While the decline may not be visible, total auto ownership peaked in 2008 according to a new report by Michael Sivak of the University of Michigan's Transportation Research Institute. He set out to determine the cause - was it the economic recession?
Jun 20, 2013 The Atlantic
After a seven-year hiatus, Netflix is bringing back the critically acclaimed television series Arrested Development, and with it memories of the Great Recession.
May 25, 2013 Architizer
A new report from the Brookings Metropolitan Policy Program shows that areas located 10-35 miles from America's central cities sustained far higher job losses during the recession, staunching the sprawl of people and employment.
Apr 19, 2013 Next City
The Great Recession and its aftermath have taken a toll on most Americans, but as a new report from Pew’s Economic Mobility Project shows, it's been far worse for those that can least afford it.
Nov 16, 2012 The Atlantic Cities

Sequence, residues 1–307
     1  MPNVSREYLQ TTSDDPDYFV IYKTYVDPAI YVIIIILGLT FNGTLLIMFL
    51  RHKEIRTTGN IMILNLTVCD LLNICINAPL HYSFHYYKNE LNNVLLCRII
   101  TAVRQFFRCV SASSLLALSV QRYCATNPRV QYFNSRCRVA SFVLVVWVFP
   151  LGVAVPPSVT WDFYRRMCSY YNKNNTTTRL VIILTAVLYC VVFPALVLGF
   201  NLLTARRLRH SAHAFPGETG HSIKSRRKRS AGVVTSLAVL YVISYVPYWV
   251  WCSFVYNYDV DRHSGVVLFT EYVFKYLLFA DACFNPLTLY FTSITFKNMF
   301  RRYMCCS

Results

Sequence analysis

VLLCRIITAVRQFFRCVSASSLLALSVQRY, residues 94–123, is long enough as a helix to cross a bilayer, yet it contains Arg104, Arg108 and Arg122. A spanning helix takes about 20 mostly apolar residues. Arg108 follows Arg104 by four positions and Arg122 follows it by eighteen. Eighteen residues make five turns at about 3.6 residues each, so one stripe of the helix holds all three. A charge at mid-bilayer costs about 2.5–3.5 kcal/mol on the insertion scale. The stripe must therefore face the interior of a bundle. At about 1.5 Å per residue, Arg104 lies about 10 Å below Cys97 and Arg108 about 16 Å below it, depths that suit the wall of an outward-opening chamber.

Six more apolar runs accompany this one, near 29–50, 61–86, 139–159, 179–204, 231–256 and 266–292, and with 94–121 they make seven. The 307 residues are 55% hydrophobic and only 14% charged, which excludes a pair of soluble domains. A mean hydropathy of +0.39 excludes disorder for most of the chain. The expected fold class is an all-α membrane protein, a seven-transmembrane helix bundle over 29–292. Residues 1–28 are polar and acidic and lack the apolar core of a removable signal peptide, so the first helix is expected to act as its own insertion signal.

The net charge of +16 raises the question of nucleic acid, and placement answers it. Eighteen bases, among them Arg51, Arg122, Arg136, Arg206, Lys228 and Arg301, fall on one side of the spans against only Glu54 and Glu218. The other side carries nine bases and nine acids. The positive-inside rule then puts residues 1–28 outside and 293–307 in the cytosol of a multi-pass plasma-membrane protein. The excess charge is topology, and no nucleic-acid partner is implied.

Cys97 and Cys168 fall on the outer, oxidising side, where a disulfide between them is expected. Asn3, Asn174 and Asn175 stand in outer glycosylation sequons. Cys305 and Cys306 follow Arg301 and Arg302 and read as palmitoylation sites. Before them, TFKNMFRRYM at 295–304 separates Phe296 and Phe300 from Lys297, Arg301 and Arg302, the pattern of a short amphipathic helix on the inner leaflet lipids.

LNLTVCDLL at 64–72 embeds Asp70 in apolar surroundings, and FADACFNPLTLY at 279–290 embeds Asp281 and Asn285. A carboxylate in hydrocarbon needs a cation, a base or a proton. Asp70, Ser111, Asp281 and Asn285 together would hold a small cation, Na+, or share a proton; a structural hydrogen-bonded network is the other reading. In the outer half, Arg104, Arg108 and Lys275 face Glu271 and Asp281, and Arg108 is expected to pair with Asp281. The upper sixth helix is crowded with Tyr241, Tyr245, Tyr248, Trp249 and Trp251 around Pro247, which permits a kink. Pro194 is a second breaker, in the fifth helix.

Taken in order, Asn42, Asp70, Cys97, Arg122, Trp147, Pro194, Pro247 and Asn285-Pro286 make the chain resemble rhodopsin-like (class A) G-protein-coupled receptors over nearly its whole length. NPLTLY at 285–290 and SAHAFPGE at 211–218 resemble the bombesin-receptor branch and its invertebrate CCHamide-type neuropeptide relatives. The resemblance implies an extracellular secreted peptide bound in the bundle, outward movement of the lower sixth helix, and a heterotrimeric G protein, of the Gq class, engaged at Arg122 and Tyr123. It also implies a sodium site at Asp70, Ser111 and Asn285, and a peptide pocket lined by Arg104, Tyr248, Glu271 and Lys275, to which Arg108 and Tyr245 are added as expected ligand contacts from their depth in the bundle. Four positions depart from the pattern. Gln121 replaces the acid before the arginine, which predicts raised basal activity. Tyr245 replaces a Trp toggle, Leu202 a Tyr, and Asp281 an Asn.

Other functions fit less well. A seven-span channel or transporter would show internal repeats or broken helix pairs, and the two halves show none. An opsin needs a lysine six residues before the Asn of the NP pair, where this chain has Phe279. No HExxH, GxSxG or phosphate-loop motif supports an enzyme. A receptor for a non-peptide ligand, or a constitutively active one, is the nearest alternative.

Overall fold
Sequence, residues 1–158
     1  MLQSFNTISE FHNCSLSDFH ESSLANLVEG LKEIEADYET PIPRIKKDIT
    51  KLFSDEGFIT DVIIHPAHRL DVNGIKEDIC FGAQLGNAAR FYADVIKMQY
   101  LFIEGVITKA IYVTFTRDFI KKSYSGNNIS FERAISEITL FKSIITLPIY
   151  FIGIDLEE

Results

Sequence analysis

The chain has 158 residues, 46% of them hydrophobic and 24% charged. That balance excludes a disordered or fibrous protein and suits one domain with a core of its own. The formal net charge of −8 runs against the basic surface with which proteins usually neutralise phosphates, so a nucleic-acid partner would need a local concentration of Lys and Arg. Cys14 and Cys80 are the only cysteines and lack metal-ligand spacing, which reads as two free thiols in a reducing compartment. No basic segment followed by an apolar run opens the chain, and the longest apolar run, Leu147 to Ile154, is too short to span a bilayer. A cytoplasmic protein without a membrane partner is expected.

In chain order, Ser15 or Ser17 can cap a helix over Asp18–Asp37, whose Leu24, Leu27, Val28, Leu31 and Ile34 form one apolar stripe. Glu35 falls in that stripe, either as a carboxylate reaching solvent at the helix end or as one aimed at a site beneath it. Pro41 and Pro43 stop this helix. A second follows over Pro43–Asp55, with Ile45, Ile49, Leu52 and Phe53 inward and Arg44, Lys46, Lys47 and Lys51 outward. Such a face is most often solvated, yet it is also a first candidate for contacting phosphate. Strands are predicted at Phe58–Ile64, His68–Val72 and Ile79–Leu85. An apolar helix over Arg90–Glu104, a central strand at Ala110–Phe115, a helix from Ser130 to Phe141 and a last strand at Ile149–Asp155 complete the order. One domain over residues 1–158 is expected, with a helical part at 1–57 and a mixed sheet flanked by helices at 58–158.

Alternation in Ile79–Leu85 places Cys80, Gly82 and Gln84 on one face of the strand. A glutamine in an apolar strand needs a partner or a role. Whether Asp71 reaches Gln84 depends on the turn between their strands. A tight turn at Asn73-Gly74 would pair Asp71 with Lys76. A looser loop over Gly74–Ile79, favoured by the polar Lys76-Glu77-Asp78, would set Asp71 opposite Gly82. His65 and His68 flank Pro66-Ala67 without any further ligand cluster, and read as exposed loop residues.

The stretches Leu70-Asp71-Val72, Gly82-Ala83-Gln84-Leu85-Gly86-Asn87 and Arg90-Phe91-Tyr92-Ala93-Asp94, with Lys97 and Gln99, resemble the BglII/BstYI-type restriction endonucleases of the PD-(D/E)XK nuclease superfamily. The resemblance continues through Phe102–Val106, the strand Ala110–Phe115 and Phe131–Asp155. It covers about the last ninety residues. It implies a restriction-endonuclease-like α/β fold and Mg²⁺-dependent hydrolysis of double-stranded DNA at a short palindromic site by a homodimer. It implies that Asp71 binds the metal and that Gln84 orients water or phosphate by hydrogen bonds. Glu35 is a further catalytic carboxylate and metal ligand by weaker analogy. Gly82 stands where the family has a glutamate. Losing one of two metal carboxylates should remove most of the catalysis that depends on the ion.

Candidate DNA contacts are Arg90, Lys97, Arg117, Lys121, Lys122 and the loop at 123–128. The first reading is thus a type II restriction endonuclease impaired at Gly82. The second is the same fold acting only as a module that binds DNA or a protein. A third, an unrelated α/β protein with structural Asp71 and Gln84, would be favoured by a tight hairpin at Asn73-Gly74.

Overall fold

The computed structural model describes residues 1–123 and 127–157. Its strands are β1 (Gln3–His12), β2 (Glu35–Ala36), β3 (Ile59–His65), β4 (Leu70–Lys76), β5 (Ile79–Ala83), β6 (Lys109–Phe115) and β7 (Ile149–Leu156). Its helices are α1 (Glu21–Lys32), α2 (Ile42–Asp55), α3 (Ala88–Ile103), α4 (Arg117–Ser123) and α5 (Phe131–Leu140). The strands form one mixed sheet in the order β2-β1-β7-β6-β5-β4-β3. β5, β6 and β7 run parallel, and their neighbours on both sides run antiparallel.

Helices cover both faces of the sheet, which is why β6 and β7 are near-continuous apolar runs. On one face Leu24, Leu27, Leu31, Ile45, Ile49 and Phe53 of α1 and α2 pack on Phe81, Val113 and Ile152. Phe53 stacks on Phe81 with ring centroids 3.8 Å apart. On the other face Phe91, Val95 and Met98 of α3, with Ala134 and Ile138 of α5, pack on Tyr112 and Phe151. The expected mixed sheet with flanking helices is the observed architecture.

Economist Joe Cortright doesn't seem to think so. According to his findings, Americans are driving less, with Millennials leading the way, and this unprecedented trend is here to stay.
Nov 7, 2012 D.C. Streetsblog
President Obama can rightfully claim that many of the initiatives his administration pushed through in his first years in office helped reverse the acute economic slide he inherited. His efforts to cleanup the housing crash were far less successful.
Aug 21, 2012 The New York Times
Battered for years by the Great Recession, declining state and federal support, and Congressional gridlock, the nation's mayors are expressing "cautious optimism," reports Lizette Alvarez.
Jun 18, 2012 The New York Times
Kathleen Madigan takes a look at new research that considers the shift in America's living situations, and what it means for consumer behavior.
May 20, 2012 The Wall Street Journal
China's unrelenting building boom has proven an irresistible lure for hordes of architects from around the world whose jobs disappeared during the Great Recession, reports Brook Larmer.
Mar 19, 2012 The New York Times
Recounting the exalted heights that the profession reached in the last decade, and its complete meltdown during the Great Recession, Scott Timberg asks: where does architecture go from here?
Feb 6, 2012 Salon.com